Fact check: The president can’t fire Yellen
By Jon Prior
Coming soon to a central bank near you, in time for the Christmas shopping season, an increase in interest rates, courtesy of Janet Yellen and her colleagues on the Federal Reserve Board’s monetary policy committee. Or perhaps not. Folks living in euroland can expect the gift that keeps on giving, unless it doesn’t, more monetary stimulus. China works on a different calendar, so its people have already unwrapped their gifts, a cut in interest rates and assorted credit-easing measures.Read more
Interesting political debates typically have what could be called primary effects. In Wednesday night's case, those would include the Bush-Rubio exchange, which did a lot of good for Rubio and a lot of damage to Bush, and the Cruz assault on the moderators, which was dazzling.Read more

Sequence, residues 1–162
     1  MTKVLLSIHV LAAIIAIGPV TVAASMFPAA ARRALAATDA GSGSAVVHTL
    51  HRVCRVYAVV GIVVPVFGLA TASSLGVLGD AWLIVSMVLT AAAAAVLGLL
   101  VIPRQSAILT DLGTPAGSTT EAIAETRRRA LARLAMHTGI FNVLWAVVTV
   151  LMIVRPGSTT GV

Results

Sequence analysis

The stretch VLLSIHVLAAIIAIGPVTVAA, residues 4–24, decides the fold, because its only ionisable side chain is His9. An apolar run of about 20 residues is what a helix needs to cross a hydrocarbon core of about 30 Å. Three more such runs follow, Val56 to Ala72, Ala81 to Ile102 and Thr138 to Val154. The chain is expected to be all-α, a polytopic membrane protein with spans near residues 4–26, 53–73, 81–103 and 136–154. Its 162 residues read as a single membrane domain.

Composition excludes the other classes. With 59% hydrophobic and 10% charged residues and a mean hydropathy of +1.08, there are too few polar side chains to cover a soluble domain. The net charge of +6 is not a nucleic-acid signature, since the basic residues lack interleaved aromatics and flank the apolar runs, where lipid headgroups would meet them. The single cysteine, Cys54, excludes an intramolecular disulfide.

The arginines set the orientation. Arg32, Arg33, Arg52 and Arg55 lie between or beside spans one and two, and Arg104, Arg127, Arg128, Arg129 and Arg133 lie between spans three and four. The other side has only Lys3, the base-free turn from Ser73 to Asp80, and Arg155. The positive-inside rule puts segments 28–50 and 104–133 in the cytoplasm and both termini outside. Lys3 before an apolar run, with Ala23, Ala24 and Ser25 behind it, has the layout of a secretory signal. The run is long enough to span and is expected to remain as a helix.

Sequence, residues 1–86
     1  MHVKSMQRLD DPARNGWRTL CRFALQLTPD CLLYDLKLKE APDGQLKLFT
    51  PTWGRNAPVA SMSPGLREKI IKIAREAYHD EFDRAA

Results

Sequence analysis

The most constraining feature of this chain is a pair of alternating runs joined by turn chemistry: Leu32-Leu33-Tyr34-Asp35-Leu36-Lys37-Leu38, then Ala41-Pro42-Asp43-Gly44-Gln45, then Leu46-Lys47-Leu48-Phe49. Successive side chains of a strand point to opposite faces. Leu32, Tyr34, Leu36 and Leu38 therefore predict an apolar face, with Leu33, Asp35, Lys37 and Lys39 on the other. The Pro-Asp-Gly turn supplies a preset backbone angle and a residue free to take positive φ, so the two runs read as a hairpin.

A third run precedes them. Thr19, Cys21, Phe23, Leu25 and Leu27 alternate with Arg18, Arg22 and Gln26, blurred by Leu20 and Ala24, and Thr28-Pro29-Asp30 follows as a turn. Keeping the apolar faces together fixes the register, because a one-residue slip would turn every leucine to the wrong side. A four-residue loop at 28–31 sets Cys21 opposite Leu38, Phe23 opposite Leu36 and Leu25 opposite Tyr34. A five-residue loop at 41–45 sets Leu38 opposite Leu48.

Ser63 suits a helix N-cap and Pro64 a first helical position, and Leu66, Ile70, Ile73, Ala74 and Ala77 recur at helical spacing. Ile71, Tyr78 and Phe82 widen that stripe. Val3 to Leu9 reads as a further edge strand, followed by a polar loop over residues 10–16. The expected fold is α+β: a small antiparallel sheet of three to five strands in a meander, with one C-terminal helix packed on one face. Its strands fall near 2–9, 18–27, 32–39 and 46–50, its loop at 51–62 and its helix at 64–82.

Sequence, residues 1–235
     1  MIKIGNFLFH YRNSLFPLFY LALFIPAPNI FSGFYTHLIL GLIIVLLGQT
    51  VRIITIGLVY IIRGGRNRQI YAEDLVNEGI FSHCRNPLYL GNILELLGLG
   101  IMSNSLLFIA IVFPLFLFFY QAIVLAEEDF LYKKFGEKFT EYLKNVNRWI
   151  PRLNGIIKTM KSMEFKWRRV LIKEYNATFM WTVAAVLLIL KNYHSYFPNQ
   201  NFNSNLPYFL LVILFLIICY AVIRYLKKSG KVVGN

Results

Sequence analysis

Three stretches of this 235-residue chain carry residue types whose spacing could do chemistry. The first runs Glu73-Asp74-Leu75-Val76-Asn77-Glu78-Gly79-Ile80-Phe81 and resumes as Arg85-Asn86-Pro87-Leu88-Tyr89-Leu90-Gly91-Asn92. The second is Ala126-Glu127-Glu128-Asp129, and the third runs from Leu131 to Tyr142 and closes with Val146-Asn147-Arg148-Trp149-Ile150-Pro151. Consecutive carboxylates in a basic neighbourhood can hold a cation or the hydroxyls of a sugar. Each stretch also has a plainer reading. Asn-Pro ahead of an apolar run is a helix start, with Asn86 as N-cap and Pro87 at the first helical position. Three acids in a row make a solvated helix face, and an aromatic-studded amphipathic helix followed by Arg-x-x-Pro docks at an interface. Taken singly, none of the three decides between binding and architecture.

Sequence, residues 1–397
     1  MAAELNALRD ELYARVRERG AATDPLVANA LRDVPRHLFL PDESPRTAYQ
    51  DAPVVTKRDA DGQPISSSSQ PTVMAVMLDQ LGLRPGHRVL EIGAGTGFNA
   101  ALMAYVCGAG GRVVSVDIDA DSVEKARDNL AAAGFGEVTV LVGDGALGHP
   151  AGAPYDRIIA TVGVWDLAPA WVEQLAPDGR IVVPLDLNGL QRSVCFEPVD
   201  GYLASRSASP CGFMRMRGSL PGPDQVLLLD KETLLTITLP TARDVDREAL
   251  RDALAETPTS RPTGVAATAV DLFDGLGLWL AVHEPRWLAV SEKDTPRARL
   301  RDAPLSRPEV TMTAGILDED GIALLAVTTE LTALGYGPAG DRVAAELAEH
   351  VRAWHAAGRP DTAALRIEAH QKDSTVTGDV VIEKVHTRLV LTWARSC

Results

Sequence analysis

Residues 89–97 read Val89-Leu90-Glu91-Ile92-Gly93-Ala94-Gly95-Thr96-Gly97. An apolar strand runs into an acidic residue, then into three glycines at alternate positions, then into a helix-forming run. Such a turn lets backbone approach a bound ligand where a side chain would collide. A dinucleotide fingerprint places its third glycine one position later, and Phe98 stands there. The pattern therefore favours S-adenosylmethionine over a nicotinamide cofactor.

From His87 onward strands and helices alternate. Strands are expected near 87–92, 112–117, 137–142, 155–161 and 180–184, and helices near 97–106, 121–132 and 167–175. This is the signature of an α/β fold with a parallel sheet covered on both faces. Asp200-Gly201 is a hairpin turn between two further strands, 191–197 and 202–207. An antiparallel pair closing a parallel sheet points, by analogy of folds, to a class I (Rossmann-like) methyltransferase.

The U.S. economy is chugging along. Not at high speed, but at a steady 2.25 percent annual rate, with retailers stocking up in anticipation of a very merry holiday season. The unemployment rate is down to 5.1 percent, according to the Federal Reserve Board headed lower to its “long-run normal” rate, and employers in many sectors are scrambling to find workers with the skills they need.Read more
“A fact can be a beautiful thing,” sings one of the characters in the award-winning musical, “Promises, Promises.” True. Unfortunately, a gaggle of facts can be somewhere between confusing and a curse, especially if you are a central banker who has specialized in promises, promises that a process of normalization will begin after seven years of zero interest rates. Now, faced with its next meeting less than two weeks hence, the Federal Reserve Board’s monetary policy committee has to decide whether to replace promises with action.Read more